Welcome! You have reached the homepage of the laboratory of Dr. Bryan Heit. Our lab is part of the Department of Microbiology and Immunology at Western University, and we are members of the Center for Human Immunology, the lead centre for the CIHR Human Immunology Network.
Our interests surround the function of phagocytes – white blood cells which ingest (phagocytose) pathogens, particles, and dead cells. We focus on the cellular and molecular processes which control the function of these cells during the maintenance of homeostasis, during infection and during chronic inflammatory disease. Central to most of our studies is the study of efferoctyosis – the phagocytic removal of apoptotic (dying) cells, and how failures in this process lead to inflammation, autoimmunity and infection.
We, along with several of our collaborators, recently had a paper accepted for publication which will appear soon in the journal Molecular Biology of the Cell in the very near future. This study investigates the mechanisms by which the diffusion of Fractalkine (a protein which regulates inter-cellular communication) is controlled, and how this control over fractalkine diffusion is used to regulate its cleavage and release from a cell. This study provides mechanistic insights into how this protein functions both as a signal between neighbouring cells versus between distantly located cells.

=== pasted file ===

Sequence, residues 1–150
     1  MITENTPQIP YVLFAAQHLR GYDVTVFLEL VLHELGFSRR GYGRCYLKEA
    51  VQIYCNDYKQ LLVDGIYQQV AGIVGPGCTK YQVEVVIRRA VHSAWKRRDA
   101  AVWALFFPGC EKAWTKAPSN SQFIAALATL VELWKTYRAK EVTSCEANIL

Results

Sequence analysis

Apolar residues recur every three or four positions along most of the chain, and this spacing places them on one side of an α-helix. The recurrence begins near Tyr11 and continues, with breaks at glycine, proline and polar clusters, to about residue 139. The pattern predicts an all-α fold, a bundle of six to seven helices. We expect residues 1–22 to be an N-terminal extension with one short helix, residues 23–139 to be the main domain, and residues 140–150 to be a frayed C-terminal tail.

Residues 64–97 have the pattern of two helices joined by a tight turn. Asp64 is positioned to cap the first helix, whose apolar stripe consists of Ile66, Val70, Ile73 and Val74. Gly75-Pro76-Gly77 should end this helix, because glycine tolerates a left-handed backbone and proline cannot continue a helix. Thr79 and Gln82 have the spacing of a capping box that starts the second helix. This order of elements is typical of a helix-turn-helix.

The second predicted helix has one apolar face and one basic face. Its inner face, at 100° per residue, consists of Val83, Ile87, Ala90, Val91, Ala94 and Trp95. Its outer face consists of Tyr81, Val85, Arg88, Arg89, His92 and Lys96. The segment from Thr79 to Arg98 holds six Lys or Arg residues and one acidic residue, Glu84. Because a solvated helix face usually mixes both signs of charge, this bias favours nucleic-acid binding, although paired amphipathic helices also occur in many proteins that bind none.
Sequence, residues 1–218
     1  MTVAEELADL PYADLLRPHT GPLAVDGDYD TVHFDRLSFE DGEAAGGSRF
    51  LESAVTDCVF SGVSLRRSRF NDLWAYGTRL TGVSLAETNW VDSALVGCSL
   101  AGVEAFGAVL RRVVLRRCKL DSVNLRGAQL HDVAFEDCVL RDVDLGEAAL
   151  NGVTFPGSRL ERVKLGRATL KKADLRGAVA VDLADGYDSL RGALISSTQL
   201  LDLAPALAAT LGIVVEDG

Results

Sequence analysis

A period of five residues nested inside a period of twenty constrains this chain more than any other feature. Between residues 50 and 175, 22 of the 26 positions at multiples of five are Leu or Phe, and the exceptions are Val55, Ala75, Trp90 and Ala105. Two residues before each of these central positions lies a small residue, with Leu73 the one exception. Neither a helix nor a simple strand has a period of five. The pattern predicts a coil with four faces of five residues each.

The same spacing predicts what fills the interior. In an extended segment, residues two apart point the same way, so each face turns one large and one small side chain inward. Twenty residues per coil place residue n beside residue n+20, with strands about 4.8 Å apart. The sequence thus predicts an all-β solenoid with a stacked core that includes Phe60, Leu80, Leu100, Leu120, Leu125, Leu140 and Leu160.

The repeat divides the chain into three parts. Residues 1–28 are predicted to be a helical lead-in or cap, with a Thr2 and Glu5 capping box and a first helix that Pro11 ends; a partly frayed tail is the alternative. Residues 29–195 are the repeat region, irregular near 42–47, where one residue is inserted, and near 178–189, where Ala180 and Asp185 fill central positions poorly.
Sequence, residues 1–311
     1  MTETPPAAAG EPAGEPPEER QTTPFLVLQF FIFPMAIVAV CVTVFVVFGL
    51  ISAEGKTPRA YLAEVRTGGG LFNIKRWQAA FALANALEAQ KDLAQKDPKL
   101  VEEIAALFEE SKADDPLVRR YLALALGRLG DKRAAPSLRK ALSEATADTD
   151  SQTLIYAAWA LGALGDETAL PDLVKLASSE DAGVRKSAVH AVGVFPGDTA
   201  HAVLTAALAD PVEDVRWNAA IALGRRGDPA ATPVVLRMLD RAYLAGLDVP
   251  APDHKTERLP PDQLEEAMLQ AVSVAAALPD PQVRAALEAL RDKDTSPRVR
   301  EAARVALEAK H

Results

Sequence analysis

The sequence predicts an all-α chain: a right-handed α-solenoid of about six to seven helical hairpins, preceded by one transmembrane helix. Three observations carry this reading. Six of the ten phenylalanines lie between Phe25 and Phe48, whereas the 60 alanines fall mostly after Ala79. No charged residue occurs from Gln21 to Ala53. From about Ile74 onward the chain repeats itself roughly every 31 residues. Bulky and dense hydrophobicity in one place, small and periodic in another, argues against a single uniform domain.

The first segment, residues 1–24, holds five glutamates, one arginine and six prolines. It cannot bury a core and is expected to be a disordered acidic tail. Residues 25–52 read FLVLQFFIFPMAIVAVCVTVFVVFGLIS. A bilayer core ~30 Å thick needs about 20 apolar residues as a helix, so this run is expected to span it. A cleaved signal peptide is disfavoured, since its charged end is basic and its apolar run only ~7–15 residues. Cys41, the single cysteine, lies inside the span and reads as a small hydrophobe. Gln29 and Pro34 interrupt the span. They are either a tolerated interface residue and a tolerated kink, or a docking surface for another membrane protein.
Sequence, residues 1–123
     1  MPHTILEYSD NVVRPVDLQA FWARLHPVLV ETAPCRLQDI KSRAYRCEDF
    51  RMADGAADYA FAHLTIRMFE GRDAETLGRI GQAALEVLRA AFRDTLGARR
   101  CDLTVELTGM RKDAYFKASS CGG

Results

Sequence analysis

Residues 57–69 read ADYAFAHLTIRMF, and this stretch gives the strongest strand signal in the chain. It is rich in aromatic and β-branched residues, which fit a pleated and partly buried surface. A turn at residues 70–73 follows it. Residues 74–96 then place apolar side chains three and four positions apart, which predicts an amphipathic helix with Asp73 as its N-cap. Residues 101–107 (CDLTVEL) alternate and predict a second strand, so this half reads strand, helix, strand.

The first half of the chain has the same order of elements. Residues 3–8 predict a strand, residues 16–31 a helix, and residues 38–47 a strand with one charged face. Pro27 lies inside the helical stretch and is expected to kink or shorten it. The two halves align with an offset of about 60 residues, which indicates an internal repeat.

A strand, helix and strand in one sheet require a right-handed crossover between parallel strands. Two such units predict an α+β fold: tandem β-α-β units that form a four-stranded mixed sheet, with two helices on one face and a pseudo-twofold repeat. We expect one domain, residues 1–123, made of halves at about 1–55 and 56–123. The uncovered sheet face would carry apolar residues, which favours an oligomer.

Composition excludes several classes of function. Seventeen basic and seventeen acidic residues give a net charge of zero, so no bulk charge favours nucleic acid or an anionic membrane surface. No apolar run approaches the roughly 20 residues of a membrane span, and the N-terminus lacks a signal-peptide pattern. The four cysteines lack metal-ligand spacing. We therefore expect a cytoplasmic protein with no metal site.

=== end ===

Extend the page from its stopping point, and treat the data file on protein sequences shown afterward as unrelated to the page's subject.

Wong HS, Jaumouillé V, Heit B, Doodnauth SA, Patel S, Huang YW, Grinstein S, Robinson LA. Cytoskeletal confinement of CX3CL1 limits its susceptibility to proteolytic cleavage by ADAM10. Mol Biol Cell. 2014 Sep 24. pii: mbc.E13-11-0633. [Epub ahead of print] PubMed PMID: 25253723.
Next week the department of Microbiology & Immunology is hosting our 2014 REG Murray Lecturer, Dr. Stephen Goff of Columbia University.
Next week the department of Microbiology & Immunology is hosting our 2013 REG Murray Lecturer, Dr. Patrick Keeling.
The Heit lab will have openings for one or two new Graduate Students to start in April 2014 or September 2014. Applicants with a background in cell biology, biochemistry or immunology are preferred. Prior research experience is strongly recommended.
2) E-mail Dr. Heit with a CV, full undergraduate transcripts and contact information for 2 references.